Paint It, Black (1966)

By 1966, the Rolling Stones were prolific songwriters. In the case of Paint It, Black, the band decided to experiment by incorporating a sitar, a move that some critics viewed as them imitating the Beatles. Despite this, the somber track became their third Number One hit in America. Its unexpected success led the group to include it in the American release of Aftermath. Bill Wyman has persistently claimed substantial involvement in writing the song, although it is officially credited to Jagger/Richards.

In later years, the rest of the group began to acknowledge his contribution. This timeless classic lives up to its dark and despondent title. The lyrics depict a funeral procession for someone close to Jagger (“I see a line of cars and they’re all painted black/With flowers and my love, both never to come back”), yet there seems to be no specific real-life inspiration for the song, which is remarkable considering its direct and emotionally powerful expression of grief. Brian Jones’s sitar opening is as iconic as anything George Harrison accomplished with the instrument.

2. Sympathy for the Devil (1968)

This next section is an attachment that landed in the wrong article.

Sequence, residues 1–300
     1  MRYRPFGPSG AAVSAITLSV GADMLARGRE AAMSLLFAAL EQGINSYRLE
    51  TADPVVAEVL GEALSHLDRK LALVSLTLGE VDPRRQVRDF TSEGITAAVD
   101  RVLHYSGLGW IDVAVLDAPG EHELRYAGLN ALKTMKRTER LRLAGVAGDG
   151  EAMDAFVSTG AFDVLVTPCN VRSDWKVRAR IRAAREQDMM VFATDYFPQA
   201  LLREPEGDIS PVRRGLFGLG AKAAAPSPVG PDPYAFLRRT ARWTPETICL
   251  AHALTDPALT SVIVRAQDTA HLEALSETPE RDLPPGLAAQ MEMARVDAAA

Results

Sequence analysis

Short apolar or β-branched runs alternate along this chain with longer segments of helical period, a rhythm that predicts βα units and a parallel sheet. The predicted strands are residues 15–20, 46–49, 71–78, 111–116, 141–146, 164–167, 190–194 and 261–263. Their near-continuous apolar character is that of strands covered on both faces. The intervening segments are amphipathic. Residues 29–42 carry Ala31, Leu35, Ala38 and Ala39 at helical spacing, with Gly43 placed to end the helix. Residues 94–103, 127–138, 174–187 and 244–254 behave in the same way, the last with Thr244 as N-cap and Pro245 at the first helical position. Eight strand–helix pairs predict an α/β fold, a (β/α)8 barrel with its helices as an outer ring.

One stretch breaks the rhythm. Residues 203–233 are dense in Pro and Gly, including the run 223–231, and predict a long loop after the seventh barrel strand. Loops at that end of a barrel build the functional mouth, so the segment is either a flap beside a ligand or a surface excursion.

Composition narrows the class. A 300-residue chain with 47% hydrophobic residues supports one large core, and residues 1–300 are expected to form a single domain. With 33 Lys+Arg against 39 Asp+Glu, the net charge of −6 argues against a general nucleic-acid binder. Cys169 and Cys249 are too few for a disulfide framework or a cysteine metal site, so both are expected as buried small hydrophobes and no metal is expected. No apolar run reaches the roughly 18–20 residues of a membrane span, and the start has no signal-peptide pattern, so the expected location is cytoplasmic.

Sympathy for the Devil (1968)

The ultimate opening track on side one. While the title stirred accusations of Satanism, and Jagger’s portrayal as Mephistopheles fueled these interpretations, it’s essentially mischievous. It’s not an overly profound song, nor is it intended to be. Jagger’s message is that humanity has consistently carried out the devil’s bidding throughout history, and, well, look at the state of things in 2023. The song has lost its ability to shock over time, but envision putting on Beggars Banquet in 1968, hearing this a month after Nixon’s presidential election. This track had a transformative impact on lives.

1. Gimme Shelter (1968)

Gimme Shelter (1968)

The opening track from Let It Bleed, Gimme Shelter, never saw a single release. However, its frequent inclusion in soundtracks and extensive radio play over the decades has elevated it to one of Rolling Stones’ most recognizable songs. Jagger himself characterizes the track as an “end-of-the-world song”, and its apocalyptic undertones are unmistakable.

The standout element of the song is likely backing vocalist Merry Clayton, who passionately belts out “Rape, murder/ It’s just a shot away” repeatedly. Martin Scorsese holds such admiration for the song that he featured it in three of his films: Goodfellas, Casino, and The Departed. Perhaps realizing its prevalence in Scorsese’s works, the Stones chose not to perform it at the Beacon Theater concerts documented in the movie Shine a Light.